The UK government has committed to legislating at Westminster on the Irish language and other cultural provisions if they are not dealt with in Stormont by October.
But what is the background to the impasse over the Irish language and other cultural judgments that the UK government may end up stepping in to address this fall? And why is it so controversial?
First, what does this move mean for the Irish language?
The big change is that there is now a time limit attached to the introduction of the Irish language and other measures, often referred to as the Cultural Package, which the Irish and British governments and the five parties to the Northern Executive have agreed to as part of the New Deal, the New Approach Agreement (NDNA) which brought back the Assembly after the absence of It lasted three years in January 2020.
After several days of negotiations, the North’s secretary announced early on Thursday that if the executive had not made progress on the legislation by the end of September, it would be introduced in the UK Parliament in Westminster in October.
What are the provisions?
At the NDNA, the First Minister and First Deputy Minister committed “to foster and oversee a new framework for recognizing and celebrating the diversity of identities and culture in Northern Ireland, and accommodating cultural difference”.
This includes the creation of an Office of Cultural Identity and Expression and legislation to create a commissioner to “recognise, support, protect and promote the Irish language in Northern Ireland.”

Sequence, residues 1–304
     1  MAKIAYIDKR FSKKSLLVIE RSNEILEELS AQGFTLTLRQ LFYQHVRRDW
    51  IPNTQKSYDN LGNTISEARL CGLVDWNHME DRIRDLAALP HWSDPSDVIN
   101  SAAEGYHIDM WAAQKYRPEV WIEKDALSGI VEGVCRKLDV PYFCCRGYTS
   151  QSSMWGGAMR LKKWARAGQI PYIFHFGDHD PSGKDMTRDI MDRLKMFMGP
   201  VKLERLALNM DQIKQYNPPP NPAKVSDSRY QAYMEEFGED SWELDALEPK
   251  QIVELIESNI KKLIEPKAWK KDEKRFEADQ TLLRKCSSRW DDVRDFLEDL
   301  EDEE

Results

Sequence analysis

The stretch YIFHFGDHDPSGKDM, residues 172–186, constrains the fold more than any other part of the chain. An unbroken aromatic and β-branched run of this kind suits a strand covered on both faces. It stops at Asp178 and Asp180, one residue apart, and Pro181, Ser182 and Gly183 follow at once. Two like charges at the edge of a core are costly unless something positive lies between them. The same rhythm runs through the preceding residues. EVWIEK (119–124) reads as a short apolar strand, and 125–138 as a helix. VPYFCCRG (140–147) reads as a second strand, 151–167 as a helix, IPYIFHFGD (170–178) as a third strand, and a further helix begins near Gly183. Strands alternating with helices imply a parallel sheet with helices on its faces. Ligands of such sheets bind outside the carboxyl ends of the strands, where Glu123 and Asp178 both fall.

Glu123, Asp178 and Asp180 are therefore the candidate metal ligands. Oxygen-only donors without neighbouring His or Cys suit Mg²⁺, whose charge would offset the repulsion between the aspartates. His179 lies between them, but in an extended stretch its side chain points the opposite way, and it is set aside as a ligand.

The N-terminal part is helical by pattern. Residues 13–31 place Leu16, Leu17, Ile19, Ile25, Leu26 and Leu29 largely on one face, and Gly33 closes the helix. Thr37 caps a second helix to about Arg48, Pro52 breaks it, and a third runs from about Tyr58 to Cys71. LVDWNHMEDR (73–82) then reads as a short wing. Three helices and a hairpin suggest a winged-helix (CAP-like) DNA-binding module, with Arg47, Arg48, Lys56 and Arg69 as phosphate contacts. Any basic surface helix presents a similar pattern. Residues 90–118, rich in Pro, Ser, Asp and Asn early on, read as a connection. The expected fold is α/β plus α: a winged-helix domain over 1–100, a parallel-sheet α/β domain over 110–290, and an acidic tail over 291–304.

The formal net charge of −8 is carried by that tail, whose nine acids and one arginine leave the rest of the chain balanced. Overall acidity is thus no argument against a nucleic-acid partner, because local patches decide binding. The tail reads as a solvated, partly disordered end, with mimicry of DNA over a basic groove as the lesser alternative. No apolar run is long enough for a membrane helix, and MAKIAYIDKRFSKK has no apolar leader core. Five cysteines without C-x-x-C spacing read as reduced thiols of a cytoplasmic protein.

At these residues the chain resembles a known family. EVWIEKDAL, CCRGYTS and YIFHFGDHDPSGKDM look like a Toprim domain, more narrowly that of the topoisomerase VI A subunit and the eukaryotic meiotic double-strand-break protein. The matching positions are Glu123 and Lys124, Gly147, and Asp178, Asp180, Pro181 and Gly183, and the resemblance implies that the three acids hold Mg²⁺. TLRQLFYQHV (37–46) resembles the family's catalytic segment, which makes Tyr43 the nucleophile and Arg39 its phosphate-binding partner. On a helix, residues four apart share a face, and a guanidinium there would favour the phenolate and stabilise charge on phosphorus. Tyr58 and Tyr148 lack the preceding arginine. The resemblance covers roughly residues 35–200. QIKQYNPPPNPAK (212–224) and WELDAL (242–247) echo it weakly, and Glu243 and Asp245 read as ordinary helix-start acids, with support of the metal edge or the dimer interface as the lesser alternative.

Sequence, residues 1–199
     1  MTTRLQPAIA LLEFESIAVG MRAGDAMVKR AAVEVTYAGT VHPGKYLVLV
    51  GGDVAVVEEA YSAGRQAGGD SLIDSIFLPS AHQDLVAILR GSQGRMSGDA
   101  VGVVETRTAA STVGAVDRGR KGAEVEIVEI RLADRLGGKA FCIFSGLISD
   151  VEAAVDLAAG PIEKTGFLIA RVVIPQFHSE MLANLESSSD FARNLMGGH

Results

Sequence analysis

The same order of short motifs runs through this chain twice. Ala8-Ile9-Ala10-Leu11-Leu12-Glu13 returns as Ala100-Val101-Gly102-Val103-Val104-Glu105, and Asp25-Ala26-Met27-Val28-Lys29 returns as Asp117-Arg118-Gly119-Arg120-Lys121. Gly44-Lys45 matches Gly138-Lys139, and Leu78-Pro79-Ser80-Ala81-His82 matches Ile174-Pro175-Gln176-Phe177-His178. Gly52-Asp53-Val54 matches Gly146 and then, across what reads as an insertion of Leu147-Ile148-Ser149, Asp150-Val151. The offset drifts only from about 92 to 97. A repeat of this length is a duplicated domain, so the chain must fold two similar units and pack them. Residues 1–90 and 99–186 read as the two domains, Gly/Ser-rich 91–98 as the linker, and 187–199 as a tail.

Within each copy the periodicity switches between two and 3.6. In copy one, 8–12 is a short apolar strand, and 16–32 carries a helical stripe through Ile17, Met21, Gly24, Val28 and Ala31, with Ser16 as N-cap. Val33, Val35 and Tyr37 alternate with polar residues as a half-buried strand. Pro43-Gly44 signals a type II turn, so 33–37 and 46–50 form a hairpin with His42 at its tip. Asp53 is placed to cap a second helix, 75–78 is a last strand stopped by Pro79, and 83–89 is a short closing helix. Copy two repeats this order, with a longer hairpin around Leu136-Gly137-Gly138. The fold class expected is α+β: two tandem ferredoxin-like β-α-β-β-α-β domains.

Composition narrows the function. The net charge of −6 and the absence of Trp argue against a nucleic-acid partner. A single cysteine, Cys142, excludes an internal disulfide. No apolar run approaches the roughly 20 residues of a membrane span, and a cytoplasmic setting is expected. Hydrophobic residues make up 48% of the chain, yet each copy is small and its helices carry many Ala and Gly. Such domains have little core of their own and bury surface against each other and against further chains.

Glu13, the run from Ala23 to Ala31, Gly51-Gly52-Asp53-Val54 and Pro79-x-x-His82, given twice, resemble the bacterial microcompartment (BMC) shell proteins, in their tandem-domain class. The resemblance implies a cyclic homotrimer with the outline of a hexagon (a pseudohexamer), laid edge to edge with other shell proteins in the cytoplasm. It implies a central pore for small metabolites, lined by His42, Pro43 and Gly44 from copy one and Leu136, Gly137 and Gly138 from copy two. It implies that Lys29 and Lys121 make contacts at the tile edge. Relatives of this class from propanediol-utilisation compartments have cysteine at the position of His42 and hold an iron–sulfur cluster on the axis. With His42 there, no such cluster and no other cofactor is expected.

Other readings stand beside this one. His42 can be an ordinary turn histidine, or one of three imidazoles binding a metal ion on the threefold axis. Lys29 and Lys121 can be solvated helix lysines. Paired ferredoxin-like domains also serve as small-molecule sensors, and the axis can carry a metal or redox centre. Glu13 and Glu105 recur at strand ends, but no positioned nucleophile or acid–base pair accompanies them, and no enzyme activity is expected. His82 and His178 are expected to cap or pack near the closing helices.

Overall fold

The legislation would also provide official recognition of Irish language status.
Ulster Scots will also receive formal recognition, and the Ulster Scotts Commissioner will be established.
A central translation center will be established to provide language translation services to executive departments, independent bodies, local government and public bodies.
Business can be conducted in the Assembly or Assembly Committee through Irish or Ulster-Scots, and interpretation service will be provided.
The procedures are similar to the long-standing sentences in Scotland and Wales.
Why is this controversial?
The Irish language was the main sticking point that frustrated attempts to restore the association before January 2020.
For nationalists, it transcended the Irish language and became an essential test of Unitarian attitudes toward Irish identity, as expressed through the “crocodile” comments of then First Minister Arlene Foster, rescinding a £50,000 grant scheme to send students to Gaeltacht and renaming a boat because its original name was In Irish.
These incidents were seen as a great disrespect for the Irish language and thus, as nationalists saw them, for people with an Irish identity.
So everything arranged then?
This has been around since the Irish language law was first agreed upon in St Andrew 15 years ago, and given the past few weeks, it has once again demonstrated the tensions surrounding it.
While a way has been found to overcome this latest impasse, it seems unlikely that the path ahead will not lead to further roadblocks, at least given the continued opposition to Irish language legislation within some sections of the unions and – and given their track record in other matters – to rely on this solution. The last on the UK government’s word.
There will also be consequences for the internal revolution that has broken out within the DUP; How much damage it will do remains to be seen.